So this is Craig Swanson. He’s the one of the Co-founders of CreativeLive, which is one of the first streaming educational platforms out there. We’ll talk about it in a moment. I actually was a guest on Dorie Clark’s CreativeLive a number of years ago, and it was such a thrill to do. But he’s got so many other things that he’s done. A longtime entrepreneur and partner in KaisaFit, which is an online fitness platform, also partner in The Wedding School, an online education for wedding photographers and portrait photographer business as well. Go check out for other podcast interviews with him Built to Sell podcasts, and every week kind of talks about exiting those businesses. But he loves entrepreneurial challenges of growing businesses from low six figures to a million dollars and more. And he also is the Chair of the Accelerator program and EO Seattle. I’m a graduate of that program. It’s an amazing program for any entrepreneur out there who wants to go be able to break seven figures. So go check it out.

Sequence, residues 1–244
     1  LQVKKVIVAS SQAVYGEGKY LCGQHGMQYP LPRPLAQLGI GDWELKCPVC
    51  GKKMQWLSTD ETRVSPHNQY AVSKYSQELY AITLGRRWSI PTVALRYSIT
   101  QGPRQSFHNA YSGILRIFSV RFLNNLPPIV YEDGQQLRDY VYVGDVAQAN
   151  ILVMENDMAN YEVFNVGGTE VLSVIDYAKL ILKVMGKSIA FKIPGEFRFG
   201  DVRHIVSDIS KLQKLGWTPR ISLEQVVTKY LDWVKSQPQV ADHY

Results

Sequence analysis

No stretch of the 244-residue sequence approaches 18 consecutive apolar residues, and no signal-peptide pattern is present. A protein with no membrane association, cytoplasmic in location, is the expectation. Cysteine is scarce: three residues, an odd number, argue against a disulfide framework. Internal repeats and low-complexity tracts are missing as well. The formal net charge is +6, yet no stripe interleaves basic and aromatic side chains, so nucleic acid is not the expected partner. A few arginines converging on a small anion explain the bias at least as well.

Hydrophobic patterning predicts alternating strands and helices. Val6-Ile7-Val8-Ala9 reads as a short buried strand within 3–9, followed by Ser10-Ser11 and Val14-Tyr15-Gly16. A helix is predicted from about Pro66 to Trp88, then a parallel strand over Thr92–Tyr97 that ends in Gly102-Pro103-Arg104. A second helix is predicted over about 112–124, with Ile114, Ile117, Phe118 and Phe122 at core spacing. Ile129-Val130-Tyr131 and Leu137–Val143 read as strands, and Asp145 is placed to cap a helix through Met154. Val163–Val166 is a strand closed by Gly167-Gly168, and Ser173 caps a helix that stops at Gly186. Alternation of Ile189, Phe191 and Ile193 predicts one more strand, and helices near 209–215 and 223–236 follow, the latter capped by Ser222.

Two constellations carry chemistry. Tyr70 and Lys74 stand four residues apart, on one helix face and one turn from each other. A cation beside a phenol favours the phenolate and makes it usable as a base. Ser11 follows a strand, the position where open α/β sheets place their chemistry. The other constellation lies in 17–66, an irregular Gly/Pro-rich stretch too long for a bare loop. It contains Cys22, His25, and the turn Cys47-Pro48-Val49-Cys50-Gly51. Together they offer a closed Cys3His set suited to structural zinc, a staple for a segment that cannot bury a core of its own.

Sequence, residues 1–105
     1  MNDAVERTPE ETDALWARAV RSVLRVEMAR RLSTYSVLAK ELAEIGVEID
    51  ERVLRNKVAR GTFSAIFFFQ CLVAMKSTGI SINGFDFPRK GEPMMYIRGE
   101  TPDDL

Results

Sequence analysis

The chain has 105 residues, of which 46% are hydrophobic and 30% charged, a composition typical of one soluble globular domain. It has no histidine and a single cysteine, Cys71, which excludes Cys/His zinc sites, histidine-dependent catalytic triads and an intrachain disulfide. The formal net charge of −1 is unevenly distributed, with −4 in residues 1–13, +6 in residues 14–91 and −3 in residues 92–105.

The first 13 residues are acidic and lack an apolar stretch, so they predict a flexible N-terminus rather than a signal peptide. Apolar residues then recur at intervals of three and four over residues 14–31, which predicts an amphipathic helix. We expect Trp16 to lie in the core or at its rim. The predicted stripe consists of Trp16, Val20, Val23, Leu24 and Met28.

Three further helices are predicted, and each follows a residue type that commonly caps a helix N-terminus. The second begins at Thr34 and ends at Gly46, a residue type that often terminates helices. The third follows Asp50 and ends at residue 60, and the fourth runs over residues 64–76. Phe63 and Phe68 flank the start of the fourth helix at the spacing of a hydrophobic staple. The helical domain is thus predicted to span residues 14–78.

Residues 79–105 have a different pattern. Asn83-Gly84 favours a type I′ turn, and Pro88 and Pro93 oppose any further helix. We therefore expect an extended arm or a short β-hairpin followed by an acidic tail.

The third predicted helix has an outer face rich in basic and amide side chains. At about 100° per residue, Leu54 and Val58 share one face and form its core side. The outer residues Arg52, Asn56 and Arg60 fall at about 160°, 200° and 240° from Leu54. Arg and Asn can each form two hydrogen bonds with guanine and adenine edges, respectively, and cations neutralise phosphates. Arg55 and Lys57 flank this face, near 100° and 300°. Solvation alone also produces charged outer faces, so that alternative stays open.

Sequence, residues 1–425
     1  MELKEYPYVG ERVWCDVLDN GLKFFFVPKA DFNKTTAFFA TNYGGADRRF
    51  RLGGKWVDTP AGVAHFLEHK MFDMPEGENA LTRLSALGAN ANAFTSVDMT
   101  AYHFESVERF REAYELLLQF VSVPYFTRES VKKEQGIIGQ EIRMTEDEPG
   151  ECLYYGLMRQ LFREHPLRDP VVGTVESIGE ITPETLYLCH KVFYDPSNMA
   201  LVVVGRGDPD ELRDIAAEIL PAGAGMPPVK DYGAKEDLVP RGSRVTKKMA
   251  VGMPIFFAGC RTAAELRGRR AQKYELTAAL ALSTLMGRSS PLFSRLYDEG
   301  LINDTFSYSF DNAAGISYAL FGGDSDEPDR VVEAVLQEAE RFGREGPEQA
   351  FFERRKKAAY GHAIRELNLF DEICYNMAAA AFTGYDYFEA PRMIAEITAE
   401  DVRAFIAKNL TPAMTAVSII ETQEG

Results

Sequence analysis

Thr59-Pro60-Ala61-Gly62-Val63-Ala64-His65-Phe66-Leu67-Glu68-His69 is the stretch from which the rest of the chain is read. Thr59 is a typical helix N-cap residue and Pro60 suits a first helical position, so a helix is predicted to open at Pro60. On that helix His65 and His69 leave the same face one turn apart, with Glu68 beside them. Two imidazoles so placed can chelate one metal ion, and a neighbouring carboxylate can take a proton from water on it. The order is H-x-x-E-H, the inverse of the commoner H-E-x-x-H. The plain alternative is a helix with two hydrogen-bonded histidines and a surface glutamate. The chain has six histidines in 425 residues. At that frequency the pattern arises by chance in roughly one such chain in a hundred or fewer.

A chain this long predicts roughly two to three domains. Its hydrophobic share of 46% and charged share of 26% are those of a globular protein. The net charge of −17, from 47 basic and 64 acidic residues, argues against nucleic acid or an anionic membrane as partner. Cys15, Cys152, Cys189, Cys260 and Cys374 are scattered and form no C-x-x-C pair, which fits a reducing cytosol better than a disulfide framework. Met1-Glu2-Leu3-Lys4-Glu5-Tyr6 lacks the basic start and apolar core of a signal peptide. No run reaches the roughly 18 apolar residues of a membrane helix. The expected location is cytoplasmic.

And of course, before we get into this interview, this episode is brought to you by Rise25, where we help b2b businesses get clients and referrals through partnerships with done-for-you podcasts and content marketing. And you can learn all about what we do at All right, Craig, it’s such a pleasure to have you here. And I want to start your longtime entrepreneur, your you know, so many people I interview, some like come from like, some completely technical they’re an accidental entrepreneur didn’t intend to become an entrepreneur? Well, you seem like you had it in you from a young age, to the point where like many entrepreneurs, you have a paper route. But that wasn’t enough. You also had a creative way of generating nor more money during that paper route. What did you do?